When a serious illness is diagnosed, palliative care should be part of the treatment

Abigail Mayer was 26 years old and married for just six months when she got the diagnosis: neuroendocrine carcinoma.

Stage 4.

The prognosis was bleak, says her father, Christopher Rhoden.

That was February 2017. Abi and her husband, John Mayer, sold their condo and moved in with her parents. Her father took a leave of absence from his job to care for her. And Abi fought hard — chemotherapy, surgery, prayers.

“But I wish we had known about palliative care from the beginning,” Mr. Rhoden says. “Abi endured a lot of unnecessary pain.”

It was a year and a half after the diagnosis when they sought it out. “I had no idea what it was,” he says. “At first, we thought it was the same as hospice, and we knew Abi wasn’t ready to give up.”

That’s a common misconception, says Marissa Galicia-Castillo, MD (MD ’97, Internal Medicine Residency ’00), the Sue Faulkner Scribner Distinguished Professor in Geriatrics, Professor of Internal Medicine and Chief of Palliative Medicine at EVMS.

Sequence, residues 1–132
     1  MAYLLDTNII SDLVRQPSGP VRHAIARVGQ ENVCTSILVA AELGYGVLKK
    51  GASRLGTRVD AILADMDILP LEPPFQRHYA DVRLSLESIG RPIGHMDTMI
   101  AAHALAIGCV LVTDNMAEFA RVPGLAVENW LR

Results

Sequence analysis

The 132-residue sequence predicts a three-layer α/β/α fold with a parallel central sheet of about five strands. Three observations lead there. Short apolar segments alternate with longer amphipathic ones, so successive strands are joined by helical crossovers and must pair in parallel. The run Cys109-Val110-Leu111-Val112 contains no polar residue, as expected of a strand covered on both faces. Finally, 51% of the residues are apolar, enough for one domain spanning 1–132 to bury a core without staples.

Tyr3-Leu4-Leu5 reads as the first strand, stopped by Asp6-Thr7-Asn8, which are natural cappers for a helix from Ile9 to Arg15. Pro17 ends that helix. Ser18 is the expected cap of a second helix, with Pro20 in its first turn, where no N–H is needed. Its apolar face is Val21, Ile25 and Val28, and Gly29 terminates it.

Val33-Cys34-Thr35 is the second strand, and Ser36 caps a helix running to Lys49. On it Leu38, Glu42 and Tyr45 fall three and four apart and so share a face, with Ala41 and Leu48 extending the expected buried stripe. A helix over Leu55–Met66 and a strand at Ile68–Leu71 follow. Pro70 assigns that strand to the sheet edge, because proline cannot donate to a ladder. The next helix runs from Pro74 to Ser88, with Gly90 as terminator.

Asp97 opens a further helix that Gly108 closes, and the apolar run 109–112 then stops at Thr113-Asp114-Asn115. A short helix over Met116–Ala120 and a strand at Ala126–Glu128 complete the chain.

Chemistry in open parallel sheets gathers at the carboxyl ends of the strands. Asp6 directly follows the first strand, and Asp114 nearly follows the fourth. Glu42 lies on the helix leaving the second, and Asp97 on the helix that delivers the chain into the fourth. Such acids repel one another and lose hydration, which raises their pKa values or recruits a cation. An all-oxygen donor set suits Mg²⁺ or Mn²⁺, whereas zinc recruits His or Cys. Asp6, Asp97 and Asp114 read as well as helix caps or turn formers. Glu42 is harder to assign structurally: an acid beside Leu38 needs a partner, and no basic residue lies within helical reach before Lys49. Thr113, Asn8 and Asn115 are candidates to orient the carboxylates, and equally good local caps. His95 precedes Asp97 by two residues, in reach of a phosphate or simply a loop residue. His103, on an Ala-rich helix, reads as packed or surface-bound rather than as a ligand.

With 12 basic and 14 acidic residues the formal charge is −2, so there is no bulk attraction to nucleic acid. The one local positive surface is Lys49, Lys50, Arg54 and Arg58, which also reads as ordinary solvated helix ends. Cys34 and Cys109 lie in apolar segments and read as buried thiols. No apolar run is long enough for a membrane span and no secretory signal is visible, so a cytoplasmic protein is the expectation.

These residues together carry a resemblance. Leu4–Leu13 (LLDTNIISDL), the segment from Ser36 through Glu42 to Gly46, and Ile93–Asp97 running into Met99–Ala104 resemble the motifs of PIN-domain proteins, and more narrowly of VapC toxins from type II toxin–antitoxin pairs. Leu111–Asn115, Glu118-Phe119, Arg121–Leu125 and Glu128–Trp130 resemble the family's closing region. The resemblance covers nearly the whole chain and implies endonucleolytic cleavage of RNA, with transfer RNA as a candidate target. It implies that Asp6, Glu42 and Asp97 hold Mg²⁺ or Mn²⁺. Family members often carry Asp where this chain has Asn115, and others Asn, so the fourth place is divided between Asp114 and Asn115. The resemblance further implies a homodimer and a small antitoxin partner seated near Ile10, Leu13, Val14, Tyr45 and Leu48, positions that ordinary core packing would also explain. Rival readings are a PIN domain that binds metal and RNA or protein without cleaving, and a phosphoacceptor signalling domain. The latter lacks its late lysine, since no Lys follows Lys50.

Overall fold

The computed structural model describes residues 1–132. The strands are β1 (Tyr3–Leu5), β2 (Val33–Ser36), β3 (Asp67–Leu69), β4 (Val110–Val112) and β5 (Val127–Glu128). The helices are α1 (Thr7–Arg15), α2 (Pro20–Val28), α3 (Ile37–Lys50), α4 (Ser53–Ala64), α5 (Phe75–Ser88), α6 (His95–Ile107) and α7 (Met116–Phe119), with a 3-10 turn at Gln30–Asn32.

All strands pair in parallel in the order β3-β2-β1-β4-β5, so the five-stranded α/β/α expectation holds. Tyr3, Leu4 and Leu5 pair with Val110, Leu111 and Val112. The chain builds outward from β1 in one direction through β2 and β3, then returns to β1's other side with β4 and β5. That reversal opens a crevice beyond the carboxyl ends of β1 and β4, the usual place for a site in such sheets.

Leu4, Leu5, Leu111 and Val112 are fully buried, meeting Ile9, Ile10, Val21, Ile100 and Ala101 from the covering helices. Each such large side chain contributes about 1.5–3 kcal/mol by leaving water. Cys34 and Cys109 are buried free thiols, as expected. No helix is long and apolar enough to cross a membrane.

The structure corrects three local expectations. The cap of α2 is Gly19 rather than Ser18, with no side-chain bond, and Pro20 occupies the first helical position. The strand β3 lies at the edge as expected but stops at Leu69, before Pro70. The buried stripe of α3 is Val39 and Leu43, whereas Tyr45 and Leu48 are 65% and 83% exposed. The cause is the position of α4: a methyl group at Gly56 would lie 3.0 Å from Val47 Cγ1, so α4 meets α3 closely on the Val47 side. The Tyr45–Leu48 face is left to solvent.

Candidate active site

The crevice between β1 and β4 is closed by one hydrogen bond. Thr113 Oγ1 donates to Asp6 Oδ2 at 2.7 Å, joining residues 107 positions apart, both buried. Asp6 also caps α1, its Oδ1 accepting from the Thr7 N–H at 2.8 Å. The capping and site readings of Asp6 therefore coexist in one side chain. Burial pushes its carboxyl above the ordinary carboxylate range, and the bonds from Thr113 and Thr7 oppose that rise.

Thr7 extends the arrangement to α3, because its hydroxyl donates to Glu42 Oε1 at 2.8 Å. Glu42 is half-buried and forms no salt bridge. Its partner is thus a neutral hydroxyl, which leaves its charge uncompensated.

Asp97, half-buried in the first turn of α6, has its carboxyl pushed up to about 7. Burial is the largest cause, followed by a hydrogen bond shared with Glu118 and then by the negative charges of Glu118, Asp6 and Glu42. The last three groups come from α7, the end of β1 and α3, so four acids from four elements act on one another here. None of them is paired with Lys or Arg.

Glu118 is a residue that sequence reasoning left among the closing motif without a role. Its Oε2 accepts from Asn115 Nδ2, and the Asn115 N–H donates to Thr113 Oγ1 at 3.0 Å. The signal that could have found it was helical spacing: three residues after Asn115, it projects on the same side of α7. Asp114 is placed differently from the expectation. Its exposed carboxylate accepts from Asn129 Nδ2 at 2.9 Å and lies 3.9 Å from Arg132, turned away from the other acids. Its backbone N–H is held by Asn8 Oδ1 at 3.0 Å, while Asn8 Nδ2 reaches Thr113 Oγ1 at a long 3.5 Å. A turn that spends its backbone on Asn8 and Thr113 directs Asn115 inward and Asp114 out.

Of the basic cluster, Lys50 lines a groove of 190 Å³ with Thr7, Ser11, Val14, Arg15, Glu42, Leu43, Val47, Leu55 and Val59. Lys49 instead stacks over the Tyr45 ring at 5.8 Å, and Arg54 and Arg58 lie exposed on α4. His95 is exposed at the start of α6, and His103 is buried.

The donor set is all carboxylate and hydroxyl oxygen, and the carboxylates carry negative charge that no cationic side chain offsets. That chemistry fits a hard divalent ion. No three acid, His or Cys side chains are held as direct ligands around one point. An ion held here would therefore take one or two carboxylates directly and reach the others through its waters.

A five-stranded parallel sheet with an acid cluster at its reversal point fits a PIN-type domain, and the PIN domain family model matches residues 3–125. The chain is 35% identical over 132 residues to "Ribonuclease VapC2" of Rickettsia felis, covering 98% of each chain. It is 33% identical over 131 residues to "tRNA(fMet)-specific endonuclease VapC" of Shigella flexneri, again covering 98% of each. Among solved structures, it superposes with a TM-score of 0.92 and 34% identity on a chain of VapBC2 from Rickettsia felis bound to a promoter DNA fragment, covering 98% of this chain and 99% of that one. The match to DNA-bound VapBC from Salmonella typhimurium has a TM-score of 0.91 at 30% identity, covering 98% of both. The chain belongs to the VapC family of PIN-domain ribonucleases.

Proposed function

Palliative medicine is all about the patient’s quality of life. What’s important to you? What are your goals? Then it’s getting all the silos together to help the patient achieve those goals.”

Marissa Galicia-Castillo, MD
(MD ’97, Internal Medicine Residency ’00)

Palliative care, she explains, is a team-based approach to relieving the symptoms and stress of a serious illness. Unlike hospice care, it accompanies the illness’ curative treatments. A palliative-medicine specialist leads the team, which can include other physicians, nurses, social workers and chaplains. As a subspecialty it’s fairly new, approved in 2006 by the American Board of Medical Specialties.

But to Dr. Galicia-Castillo, “It’s simply old-fashioned medicine. Today, medical care can be so specialized that sometimes no one is addressing the person as a whole.

“Palliative medicine is all about the patient’s quality of life,” Dr. Galicia-Castillo says. “What’s important to you? What are your goals? Then it’s getting all the silos together to help the patient achieve those goals.”

Dr. Galicia-Castillo asked those questions when she first met with Abi Mayer.

That stood out to Mr. Rhoden. “We met with a palliative-care specialist on Tuesday,” he wrote in the blog he and Abi launched after her diagnosis. “She was pretty terrific and spent a good deal of time just listening to our girl, hearing what Abi had to tell her.”

Christopher and Marcia Rhoden’s late daughter, Abigail Mayer, received palliative care from an EVMS specialist while she was treated for neuroendocrine carcinoma. “My deepest regret is that Dr. Galicia-Castillo didn’t enter our lives sooner,” Marcia Rhoden says.